Meanwhile small scale industrialists and entrepreneurs in the Federal Capital Territory (FCT), Lagos and other states of the federation have continued to count their losses over the lingering new Naira notes scarcity.
In separate interviews with the News Agency of Nigeria (NAN) on Sunday, they lamented that the situation was hurting their businesses as it has triggered continous low patronage.
According to Dr Solomon Vongfa, the National President of Association of Small Scale Industrialists (NASSI), the redesigning of the naira is actually a good policy but the implementation came at the wrong time.
Vongfa, who expressed concern that the Naira scarcity was adversely affecting commercial activities in the country, urged the Federal Government to quickly address the situation.
He said that businesses of most members of the association were going down thereby bringing hardship to them.
“Also, the time limit they gave for the exchange of the money has brought untold hardship on Nigerians, people are fighting on the queue as they can’t withdraw their money. “It is not palatable but has really affected a lot of people with many businesses going down because of the policy.
“Some people may not be able to recover from this experience because many businesses have already shut down. “These are people who depend on daily activities to get small money but they are finding it very difficult. Some of them do not have bank accounts.
“For those who have bank accounts, you may say after the storm they will still go back to their banks and get back their money but people who depend on daily activities to run their business using cash may not survive it,’’ he said.
Vongfa, however, urged the Central Bank of Nigeria (CBN) to intensify efforts to ensure that money circulates to all parts of the country through the POS.
While expressing concern that some people use the opportunity to cash out, Vongfa urged the Federal Government to provide the needed technology that would enhance electronic cash transfer.
According to him, the infrastructure to run this thing is not as available as expected, so transferring is a problem. The network is already cloned because a lot of people are on it.
“It is not an easy one and even to see the cash is also another problem, the people who manage to get it take advantage as a business and start marketing it,’’ he said.
Similarly, Dr Abdulrasheed Yerima, the National President, Nigerian Association of Small and Medium Enterprises (NASME) said that the scarcity of the Naira notes has much negative impact on the operations of SMEs in the country.
“We cannot fend for some of our needs and at the same time most of our Micro Small and Medium Enterprises (MSMEs) cannot pay their staff, especially the casual workers.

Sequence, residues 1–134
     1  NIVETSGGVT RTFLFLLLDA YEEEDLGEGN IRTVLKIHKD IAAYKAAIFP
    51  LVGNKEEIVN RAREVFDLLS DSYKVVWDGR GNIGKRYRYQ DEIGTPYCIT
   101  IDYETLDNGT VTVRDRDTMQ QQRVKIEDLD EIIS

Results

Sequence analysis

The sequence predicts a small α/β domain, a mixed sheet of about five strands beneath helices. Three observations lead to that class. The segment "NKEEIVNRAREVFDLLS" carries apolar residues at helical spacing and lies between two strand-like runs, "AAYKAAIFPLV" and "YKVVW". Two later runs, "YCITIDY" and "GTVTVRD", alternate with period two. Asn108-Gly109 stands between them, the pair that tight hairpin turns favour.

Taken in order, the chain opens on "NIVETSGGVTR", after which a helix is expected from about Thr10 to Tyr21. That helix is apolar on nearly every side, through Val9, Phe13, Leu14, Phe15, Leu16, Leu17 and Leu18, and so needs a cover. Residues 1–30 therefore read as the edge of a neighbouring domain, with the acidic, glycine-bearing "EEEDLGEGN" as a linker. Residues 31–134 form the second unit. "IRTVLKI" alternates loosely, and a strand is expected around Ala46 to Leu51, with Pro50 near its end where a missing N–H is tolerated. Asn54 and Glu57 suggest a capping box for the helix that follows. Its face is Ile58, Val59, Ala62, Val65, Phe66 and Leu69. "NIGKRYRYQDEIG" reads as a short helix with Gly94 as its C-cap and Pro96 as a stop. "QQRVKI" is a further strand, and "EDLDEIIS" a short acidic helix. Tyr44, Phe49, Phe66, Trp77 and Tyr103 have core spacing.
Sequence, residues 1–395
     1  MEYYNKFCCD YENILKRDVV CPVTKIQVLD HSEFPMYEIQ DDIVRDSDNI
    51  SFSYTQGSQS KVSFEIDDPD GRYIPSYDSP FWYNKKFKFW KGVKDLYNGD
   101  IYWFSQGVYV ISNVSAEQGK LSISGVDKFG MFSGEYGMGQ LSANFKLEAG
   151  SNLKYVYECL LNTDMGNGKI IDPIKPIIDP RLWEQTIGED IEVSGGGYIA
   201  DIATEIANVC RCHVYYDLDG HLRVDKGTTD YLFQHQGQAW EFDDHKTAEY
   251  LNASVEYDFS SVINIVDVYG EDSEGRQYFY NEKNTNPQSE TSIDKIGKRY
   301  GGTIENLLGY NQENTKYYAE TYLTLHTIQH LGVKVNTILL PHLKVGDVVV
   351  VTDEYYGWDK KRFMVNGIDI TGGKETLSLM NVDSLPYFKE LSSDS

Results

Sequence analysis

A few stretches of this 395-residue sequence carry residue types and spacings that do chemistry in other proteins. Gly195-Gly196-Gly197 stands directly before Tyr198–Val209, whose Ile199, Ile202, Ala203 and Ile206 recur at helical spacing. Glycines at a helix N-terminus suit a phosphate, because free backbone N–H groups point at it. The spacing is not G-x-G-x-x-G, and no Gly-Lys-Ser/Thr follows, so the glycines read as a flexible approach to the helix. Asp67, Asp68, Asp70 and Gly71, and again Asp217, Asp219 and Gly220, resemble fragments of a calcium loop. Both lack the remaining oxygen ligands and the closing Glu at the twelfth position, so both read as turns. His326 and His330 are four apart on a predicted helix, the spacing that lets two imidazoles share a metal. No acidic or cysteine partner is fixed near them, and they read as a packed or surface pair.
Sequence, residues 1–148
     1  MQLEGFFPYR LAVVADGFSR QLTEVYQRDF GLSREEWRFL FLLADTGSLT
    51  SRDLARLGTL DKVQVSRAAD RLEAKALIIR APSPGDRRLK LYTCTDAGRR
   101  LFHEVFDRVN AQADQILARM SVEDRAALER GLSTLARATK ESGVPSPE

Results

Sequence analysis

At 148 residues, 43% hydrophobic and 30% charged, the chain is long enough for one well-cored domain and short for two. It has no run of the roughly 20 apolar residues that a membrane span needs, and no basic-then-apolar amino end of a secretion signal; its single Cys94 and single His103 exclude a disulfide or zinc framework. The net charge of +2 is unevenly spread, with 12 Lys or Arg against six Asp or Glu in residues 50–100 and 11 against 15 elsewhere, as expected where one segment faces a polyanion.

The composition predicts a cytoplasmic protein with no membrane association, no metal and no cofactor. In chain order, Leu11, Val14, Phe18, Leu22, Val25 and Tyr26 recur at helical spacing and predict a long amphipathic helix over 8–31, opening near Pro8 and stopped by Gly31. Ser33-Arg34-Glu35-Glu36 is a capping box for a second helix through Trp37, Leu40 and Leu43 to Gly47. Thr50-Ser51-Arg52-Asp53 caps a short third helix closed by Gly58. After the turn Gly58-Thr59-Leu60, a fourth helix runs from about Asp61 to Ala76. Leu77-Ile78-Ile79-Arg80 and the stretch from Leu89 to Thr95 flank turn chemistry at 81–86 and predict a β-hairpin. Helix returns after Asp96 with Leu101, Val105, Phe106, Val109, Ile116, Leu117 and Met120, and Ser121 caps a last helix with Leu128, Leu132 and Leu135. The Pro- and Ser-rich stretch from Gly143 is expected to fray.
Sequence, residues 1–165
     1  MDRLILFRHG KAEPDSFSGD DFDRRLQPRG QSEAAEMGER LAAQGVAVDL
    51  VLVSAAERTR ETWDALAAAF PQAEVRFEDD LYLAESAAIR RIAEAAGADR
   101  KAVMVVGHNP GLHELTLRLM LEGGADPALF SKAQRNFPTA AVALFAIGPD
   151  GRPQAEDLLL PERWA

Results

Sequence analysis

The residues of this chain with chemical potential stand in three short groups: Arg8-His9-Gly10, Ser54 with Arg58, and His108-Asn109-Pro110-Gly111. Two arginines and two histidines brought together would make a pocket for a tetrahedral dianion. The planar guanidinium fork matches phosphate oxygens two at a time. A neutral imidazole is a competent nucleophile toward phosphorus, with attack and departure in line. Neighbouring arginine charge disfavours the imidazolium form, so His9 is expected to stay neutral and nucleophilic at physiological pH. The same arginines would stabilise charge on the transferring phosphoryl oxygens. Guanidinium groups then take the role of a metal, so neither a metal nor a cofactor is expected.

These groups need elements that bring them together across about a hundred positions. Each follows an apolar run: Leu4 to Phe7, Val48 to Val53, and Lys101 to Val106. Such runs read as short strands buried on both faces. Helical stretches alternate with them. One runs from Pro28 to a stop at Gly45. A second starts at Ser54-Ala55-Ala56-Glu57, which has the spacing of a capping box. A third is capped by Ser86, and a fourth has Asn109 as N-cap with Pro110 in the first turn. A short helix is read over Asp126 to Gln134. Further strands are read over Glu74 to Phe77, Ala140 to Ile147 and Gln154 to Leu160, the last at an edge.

“More so, there are no banks and poor network coverage where they are operating, therefore, they cannot operate optimally.
“Some of them don’t have accounts, especially those in the rural areas and some of them cannot afford a smart phone to enable an electronic transfer.
“Their businesses depend on daily activities in the rural areas and they are also battling with the issue of power supply, so it is a lot of stress for them and it is affecting their businesses negatively,’’ Yerima said.
He urged the Federal Government to allow the continuous use of the old naira notes while also allowing for a gradual phasing out of the notes.
Mr Major Anosike, a provision shop owner in Wuse Market, complained of low patronage since the policy was implemented.
“Whether we like it or not, we cannot do away with cash generally. At least there are certain percentage of Nigerians that must still need cash to run their businesses,’’ Anosike said.
Similarly, Miss Beatrice Erekosima at Garki Model Market said that she mostly sells via electronic money transfer.
“But when I go to restock my shop, I cannot easily withdraw the money to buy my goods and this is affecting my business,’’ she said.
Mr Cika Deezim, an economist said that sufficient time was not provided to enable people to plan for the implementation of the Naira redesign policy.
Deezim also faulted that the policy was implemented same time when the country was going into general elections.
“Electioneering year economically is not too viable because people who want to come and invest will be thinking of the incoming government.
“Investors are sceptical, they are observing this period of political issues.
“People are looking at it that politicians want to use it to share money, no, even a lot of people will not like to bring in their money for whatsoever reason.
“Till the elections are over and we know the winner before they start negotiating how they can come in and invest.
“I expected the monetary policy to have looked at this.”
According to him, investors won’t bring in their money in the election year, as between January 2022 to Dec. 31, 2022, there has been a lot of setback.